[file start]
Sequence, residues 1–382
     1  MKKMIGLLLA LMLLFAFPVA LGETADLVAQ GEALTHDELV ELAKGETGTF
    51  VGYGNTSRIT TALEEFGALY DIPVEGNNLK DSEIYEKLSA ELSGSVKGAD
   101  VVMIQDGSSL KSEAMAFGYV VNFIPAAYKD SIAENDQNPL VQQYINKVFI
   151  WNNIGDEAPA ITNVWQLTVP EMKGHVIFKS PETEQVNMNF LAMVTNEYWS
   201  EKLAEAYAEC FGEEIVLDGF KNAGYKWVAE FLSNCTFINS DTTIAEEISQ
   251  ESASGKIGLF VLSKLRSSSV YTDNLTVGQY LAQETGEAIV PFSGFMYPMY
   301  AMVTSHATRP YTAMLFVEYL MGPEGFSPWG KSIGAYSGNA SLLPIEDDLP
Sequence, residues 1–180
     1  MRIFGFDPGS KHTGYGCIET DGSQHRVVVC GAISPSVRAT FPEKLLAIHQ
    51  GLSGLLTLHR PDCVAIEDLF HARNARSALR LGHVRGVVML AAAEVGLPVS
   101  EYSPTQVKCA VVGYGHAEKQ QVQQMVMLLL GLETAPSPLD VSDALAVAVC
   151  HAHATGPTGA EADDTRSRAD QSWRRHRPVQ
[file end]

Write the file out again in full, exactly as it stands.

Sequence, residues 1–382
     1  MKKMIGLLLA LMLLFAFPVA LGETADLVAQ GEALTHDELV ELAKGETGTF
    51  VGYGNTSRIT TALEEFGALY DIPVEGNNLK DSEIYEKLSA ELSGSVKGAD
   101  VVMIQDGSSL KSEAMAFGYV VNFIPAAYKD SIAENDQNPL VQQYINKVFI
   151  WNNIGDEAPA ITNVWQLTVP EMKGHVIFKS PETEQVNMNF LAMVTNEYWS
   201  EKLAEAYAEC FGEEIVLDGF KNAGYKWVAE FLSNCTFINS DTTIAEEISQ
   251  ESASGKIGLF VLSKLRSSSV YTDNLTVGQY LAQETGEAIV PFSGFMYPMY
   301  AMVTSHATRP YTAMLFVEYL MGPEGFSPWG KSIGAYSGNA SLLPIEDDLP
Sequence, residues 1–180
     1  MRIFGFDPGS KHTGYGCIET DGSQHRVVVC GAISPSVRAT FPEKLLAIHQ
    51  GLSGLLTLHR PDCVAIEDLF HARNARSALR LGHVRGVVML AAAEVGLPVS
   101  EYSPTQVKCA VVGYGHAEKQ QVQQMVMLLL GLETAPSPLD VSDALAVAVC
   151  HAHATGPTGA EADDTRSRAD QSWRRHRPVQ